A competition in which each hole is a separate contest and victory goes to the player or team winning the most holes. If both contestants get the same score on a hole, it is said to have been halved. A player or team that has won one more hole than the opponent is said to be "one up." If the lead becomes more than the number of holes remaining, the match is over. For example, if a player is three up with two holes to play, he or she wins, and the final score is expressed as "three and two," or "3-2."
As in a matched set of clubs. Clubs designed and made in a graded, numbered series and with consistent specifications and swing-weights.
A program of racing held during the afternoon hours.
Maxwell Hose
Hosel design of antique wooden shafted clubs in which the hosel has holes drilled in it to reduce weight.
A lush grassland course.
Medal Play
A competition decided by the overall number of strokes used to complete the round or rounds. Same as "stroke play".
The player who has the lowest qualifying score in a tournament.
Any number of mylar and urethane type units which are affixed commonly in the cavities of woods or putters, but may also appear on metal woods. The units are designed for cosmetic purposes, enhancing the attractiveness of the club heads.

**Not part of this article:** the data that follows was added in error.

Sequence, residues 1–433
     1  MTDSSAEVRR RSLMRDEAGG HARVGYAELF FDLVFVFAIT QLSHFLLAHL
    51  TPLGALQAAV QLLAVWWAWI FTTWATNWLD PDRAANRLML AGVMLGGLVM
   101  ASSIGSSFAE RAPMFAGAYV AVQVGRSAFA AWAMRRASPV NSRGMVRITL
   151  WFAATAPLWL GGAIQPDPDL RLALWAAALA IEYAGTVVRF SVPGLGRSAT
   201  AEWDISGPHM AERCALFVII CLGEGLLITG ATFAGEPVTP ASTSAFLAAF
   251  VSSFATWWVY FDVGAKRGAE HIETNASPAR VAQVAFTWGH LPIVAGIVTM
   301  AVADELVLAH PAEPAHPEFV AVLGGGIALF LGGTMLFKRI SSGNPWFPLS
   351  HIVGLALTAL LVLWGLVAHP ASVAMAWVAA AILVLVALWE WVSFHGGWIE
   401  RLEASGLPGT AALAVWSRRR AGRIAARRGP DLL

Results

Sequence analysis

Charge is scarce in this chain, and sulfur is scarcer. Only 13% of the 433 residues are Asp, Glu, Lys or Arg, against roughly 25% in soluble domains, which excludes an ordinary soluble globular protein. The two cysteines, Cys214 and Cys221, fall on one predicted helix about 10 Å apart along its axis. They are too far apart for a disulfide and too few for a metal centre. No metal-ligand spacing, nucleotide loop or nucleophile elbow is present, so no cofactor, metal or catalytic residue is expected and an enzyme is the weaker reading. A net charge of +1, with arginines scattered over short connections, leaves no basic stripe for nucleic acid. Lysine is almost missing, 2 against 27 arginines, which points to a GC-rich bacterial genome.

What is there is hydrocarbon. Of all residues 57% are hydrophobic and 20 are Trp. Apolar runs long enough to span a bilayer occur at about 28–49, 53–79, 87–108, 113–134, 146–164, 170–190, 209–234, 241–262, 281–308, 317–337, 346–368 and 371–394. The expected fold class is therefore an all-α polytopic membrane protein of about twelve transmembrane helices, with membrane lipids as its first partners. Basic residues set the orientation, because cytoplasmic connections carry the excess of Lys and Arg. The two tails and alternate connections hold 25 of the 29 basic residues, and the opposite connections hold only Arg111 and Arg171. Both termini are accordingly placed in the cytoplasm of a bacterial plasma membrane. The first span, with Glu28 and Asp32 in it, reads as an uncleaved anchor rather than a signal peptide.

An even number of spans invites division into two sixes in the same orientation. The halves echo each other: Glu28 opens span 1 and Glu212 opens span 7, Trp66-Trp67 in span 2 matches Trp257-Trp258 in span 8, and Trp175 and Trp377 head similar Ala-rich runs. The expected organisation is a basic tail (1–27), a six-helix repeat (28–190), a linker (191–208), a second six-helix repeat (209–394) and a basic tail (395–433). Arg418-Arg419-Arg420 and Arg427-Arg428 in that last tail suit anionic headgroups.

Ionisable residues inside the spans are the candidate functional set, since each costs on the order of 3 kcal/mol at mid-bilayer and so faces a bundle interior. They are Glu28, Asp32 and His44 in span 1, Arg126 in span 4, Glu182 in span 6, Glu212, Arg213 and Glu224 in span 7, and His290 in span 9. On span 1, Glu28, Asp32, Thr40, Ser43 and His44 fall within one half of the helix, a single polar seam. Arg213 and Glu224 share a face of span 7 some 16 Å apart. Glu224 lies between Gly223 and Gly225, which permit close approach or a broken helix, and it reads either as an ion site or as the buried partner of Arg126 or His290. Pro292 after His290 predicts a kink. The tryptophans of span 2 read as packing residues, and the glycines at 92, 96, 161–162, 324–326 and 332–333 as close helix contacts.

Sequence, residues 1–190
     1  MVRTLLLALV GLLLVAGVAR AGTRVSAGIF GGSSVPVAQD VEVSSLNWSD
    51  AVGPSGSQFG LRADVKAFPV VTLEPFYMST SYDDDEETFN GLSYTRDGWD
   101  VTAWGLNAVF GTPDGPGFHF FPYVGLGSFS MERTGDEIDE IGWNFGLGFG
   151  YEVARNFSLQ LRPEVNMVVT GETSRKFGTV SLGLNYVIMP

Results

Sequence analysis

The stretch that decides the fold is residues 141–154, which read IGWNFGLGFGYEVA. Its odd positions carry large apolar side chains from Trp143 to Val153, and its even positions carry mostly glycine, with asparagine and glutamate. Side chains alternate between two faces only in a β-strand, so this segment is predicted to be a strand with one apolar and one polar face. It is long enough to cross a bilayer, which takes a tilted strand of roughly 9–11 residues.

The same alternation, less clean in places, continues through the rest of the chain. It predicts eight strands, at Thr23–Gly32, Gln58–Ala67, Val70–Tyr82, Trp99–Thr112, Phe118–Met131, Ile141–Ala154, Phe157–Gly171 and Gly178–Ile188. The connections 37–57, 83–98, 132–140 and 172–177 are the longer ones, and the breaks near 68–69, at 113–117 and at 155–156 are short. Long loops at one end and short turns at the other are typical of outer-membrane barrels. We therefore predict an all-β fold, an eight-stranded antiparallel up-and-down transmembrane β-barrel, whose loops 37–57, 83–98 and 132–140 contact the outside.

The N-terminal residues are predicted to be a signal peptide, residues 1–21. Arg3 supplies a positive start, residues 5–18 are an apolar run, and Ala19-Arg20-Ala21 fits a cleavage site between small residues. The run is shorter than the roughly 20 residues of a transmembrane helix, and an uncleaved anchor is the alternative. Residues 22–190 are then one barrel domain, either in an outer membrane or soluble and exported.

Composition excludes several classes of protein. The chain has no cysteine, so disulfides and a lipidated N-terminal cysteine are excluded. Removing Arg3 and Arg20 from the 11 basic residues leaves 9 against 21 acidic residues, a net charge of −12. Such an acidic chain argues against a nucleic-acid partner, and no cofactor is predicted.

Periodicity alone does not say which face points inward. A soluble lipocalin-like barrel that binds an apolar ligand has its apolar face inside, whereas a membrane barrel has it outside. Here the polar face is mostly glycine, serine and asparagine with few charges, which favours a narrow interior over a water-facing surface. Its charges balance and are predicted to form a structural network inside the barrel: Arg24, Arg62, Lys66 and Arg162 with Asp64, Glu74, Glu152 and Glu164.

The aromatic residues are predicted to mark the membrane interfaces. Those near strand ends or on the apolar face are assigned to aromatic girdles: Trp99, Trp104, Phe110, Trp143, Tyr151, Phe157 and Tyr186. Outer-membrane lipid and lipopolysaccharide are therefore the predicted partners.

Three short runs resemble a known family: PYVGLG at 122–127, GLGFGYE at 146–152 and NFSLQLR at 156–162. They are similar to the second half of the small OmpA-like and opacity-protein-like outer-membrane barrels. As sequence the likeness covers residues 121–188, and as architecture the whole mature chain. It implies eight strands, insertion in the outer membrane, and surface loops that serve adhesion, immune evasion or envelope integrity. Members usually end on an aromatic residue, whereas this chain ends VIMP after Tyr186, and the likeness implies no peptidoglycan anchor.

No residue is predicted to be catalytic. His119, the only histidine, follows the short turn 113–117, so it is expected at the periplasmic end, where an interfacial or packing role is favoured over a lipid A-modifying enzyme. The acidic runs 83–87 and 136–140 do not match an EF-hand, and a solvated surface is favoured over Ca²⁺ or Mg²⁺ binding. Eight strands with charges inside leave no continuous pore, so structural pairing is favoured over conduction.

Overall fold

A plating applied to heads that is designed to prevent corrosion. The plating gives the heads a black appearance.
Type of turn-of-the-century ball made from gutta-percha characterized by a pattern of intersecting lines on the cover.
Met Interference
Victim of a dog who interfered.
Metal Matrix Composite (Mmc)
Any of a number of alloys used to produce either a golf club head or a shaft.
Metal Wood Bore
The bore configuration of a type of metal wood head in which the standard distance form the groundline to the bottom of the bore is 1 1/2".
Mid Iron
Antique club identification equal to modern #2 iron.
Mid Mashie
Antique club identification given to modern #3 iron.
An obsolete iron club that had more loft than a driving iron. Now sometimes applied to the No. 2 iron.
An obsolete iron club that had more loft than a mid-iron. Now sometimes applied to the No. 3 iron.
An obsolete wooden club with a loft between that of the long spoon and the short spoon.
Midsize Wood
Any wood that approximates a 185cc size.